Feb 13, 2012Science and Technology
Bioremediation technology for oil-damaged wetland restoration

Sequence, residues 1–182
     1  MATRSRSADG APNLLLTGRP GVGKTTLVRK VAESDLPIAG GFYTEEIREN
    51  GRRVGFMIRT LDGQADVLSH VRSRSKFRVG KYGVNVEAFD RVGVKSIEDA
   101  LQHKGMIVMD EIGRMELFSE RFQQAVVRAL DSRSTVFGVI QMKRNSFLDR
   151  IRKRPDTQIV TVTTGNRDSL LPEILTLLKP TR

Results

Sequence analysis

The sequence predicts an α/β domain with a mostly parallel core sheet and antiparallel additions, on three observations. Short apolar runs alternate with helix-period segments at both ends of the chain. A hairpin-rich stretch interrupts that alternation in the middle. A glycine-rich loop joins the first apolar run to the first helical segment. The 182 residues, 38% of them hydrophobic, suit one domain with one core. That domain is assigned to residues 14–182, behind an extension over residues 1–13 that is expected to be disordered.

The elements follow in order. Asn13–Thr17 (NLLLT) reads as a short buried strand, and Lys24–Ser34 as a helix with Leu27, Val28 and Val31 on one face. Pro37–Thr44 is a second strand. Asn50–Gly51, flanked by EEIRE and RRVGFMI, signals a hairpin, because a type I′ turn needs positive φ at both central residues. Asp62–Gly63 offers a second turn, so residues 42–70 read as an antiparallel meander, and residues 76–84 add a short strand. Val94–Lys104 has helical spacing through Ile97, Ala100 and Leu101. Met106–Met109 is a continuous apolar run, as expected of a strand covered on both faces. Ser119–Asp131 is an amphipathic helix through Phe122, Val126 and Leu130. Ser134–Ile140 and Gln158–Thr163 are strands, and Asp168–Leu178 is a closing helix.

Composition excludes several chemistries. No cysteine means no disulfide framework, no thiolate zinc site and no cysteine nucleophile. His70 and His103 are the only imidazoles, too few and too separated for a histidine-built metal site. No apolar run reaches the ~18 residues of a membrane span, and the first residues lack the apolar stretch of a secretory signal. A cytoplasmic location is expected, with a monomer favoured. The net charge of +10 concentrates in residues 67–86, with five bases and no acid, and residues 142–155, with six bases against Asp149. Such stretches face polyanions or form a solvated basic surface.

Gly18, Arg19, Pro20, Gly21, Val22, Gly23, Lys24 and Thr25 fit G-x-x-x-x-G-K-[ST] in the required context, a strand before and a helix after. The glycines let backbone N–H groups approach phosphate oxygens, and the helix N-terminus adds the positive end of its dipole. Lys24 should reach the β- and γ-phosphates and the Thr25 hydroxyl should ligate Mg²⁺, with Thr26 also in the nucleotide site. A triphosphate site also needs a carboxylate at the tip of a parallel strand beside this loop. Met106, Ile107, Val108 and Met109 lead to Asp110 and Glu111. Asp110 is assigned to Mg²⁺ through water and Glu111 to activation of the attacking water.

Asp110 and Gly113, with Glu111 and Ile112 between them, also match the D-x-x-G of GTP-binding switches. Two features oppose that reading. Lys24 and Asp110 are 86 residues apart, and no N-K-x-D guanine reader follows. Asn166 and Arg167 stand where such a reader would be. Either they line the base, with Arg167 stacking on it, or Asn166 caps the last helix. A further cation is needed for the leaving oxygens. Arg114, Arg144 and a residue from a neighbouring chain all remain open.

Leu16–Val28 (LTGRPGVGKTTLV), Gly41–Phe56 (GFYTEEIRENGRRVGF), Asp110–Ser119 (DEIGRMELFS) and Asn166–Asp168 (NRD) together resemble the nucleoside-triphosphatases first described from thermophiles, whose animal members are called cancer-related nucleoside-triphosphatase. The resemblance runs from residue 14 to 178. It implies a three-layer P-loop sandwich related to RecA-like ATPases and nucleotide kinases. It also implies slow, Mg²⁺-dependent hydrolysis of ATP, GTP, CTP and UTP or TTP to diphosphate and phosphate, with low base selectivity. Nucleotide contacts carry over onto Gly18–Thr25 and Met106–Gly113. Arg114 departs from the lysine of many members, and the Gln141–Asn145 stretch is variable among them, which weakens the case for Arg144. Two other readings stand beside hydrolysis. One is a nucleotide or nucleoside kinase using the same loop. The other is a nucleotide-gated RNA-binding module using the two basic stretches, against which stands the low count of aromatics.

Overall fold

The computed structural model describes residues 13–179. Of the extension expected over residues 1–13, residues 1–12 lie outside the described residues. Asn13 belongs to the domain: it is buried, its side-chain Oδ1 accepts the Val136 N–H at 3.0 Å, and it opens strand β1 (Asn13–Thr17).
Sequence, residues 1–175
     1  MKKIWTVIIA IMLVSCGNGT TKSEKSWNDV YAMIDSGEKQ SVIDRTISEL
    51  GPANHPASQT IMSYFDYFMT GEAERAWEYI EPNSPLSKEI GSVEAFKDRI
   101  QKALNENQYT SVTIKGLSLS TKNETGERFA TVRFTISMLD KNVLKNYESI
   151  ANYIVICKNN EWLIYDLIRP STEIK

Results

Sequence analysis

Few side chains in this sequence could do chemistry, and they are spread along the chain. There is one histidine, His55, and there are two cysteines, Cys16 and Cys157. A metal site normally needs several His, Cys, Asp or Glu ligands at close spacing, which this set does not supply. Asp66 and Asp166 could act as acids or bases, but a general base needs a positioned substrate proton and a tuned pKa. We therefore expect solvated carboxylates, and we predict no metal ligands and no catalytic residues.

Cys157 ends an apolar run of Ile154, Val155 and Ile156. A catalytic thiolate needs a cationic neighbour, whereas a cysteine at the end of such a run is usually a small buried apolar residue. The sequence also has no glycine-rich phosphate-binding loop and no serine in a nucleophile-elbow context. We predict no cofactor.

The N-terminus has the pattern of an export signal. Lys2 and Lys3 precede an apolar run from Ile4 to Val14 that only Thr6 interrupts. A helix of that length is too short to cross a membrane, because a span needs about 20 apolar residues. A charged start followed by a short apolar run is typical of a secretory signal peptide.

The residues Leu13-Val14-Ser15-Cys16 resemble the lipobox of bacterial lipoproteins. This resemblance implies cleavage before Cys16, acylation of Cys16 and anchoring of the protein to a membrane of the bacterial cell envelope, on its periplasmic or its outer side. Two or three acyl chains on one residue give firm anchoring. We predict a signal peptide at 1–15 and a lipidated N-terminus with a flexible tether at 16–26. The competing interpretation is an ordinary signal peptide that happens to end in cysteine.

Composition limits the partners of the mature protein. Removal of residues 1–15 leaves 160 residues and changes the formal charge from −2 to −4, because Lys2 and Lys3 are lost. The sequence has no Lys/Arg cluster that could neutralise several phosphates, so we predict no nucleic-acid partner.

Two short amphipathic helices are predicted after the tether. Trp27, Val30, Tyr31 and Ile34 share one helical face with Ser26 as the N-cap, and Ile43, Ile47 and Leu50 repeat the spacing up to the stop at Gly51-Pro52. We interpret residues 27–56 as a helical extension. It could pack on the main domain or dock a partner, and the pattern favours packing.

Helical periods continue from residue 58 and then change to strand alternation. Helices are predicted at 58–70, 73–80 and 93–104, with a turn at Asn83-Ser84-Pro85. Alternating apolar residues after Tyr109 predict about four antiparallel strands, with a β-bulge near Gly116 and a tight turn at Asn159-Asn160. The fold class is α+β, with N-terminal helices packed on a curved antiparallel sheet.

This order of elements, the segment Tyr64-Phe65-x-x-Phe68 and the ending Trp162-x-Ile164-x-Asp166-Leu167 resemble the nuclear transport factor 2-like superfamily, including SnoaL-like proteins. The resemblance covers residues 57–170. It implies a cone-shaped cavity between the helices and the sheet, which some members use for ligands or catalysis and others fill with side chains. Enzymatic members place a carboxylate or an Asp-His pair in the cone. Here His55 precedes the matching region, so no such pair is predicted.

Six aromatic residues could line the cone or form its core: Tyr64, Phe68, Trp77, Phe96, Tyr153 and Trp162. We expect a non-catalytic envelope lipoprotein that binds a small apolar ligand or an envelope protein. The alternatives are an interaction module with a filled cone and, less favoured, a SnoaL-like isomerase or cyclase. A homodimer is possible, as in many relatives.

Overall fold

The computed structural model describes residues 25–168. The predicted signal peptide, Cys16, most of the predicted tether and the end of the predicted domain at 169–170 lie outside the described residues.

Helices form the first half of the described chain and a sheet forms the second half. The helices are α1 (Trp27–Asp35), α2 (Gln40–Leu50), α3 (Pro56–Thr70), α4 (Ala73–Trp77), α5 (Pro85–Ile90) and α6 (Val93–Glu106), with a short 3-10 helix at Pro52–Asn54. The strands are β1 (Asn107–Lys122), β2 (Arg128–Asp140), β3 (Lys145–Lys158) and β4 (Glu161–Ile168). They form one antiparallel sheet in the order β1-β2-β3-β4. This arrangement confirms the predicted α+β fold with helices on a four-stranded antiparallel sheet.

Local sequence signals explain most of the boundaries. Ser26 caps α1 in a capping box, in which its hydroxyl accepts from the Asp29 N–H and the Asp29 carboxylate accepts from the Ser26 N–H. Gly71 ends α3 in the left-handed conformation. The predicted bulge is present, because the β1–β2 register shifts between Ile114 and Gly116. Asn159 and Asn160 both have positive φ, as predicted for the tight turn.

Thomas Azwell, a graduate student in UC Berkeley’s College of Natural Resources, has a bioremediation technology solution to expedite wetland recovery. Conventional hand-planting of marsh plants used in restoration efforts is inefficient; a recent UC Berkeley study found that wetlands labeled "restored" do not function similar to original marshes. Pre-composted sugar cane fiber (bagasse) stuffed into mesh networks of cotton tubes, on the other hand, provides a sustainable, effective potting buffer for the root masses of larger native marsh plant varieties, giving them a better chance at returning oil-damaged wetlands back to viability. Thomaz Azwell says, “There are 3 million tons of this piling up behind sugar cane factories each year, and there’s currently no market for it.”

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